Lower than projected ticket sales for the Opening Ceremony to Gay Games III, IV, V and

Significant venue rental cost and union fees for Yankee Stadium as well as a change in the
mayoral administration in New York;

Lack of a recognized headline entertainer at Gay Games V;

Lack of differentiation between the Opening and Closing Ceremony (for example, Gay
Games V offered a Closing Ceremony that was basically a repeat of the opening
ceremony); and

An inability to actualize forecasted income and lack of planning that undermined the
Closing Ceremony in Sydney.

It is our belief that sound organization and financial planning of our ceremonies would result in an
event that is both satisfying and does not present a financial handicap in the overall budget of the
Games. The FGG is not opposed to continuing the tradition of having two stadium-like events for
the ceremonies. However, we urge hosts to select such venues using conservative estimates in the
number of ticket sales and thus, the total capacity of spectators. Bidding organizations should also
analyze their resources and present their respective positions regarding the ceremonies during the
bidding process. Emphasis on the use of cost-prohibitive venues must not be the core of ceremony

As previously stated, the inclusion of headliner entertainment may certainly turn out to be a major
highlight of the ceremony. However, the hiring costs of these entertainers should be given careful
consideration in the ceremonies planning and budgeting. The inclusion of spectacular sport/athletic
performances would focus on the mission and purpose of the Gay Games at a much lower cost and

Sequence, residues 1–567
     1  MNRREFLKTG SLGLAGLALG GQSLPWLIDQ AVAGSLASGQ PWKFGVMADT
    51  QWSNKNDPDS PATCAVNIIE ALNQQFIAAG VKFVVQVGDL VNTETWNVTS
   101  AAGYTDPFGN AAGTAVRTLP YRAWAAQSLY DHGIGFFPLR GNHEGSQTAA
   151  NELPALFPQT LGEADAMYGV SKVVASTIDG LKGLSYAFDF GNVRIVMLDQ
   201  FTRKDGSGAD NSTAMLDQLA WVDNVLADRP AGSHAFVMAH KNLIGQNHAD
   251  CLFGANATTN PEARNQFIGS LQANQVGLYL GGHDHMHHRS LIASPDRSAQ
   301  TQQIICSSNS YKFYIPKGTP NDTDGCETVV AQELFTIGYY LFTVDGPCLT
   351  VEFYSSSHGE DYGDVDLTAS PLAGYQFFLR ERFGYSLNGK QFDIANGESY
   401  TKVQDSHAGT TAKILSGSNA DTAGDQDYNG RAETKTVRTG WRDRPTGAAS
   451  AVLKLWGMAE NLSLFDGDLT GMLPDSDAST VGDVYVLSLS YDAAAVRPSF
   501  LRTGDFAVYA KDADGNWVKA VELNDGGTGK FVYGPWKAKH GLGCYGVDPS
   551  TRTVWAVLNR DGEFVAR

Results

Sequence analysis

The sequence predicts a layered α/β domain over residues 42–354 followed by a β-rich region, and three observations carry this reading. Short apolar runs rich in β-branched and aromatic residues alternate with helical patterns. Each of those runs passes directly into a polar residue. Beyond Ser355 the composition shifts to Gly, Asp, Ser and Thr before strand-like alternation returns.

certainly be generally much appreciated by the participants as well.




Some hosts have previously proposed and added conferences to the Gay Games program.
Conferences organized during past Gay Games have covered topics such as human rights,
homosexuality in general, or homosexuality in relationship with various aspects of our society such
as labor relations. These topics are important but are not a primary part of the Gay Games mission.

The Federation is not opposed to the inclusion of conferences. However, since they are not a core
component of the Gay Games event, host organization resources cannot be allocated to organizing,
promoting and delivering such events. Additionally, if a host decides to include conferences in the
Gay Games program, the topics of these conferences must be related to the mission, image and
vision of the FGG and Gay Games movement (e.g., homosexuality and sports/art, integration
through sports/art, self esteem and empowerment through sports/art, etc.). The FGG must be a
more visible part of any such events under the Gay Games brand and should retain approval rights
over the topics of any conference associated with our event.

Over the past few years, there has been an increase in organizations whose mission is to promote
academic conferences around or related to LGBT issues, some including sport (e.g., the U.S.-based
Gay and Lesbian Athletics Foundation. It is the FGG’s position, therefore, that hosts should
explore opportunities to partner with such organizations so that conferences are organized,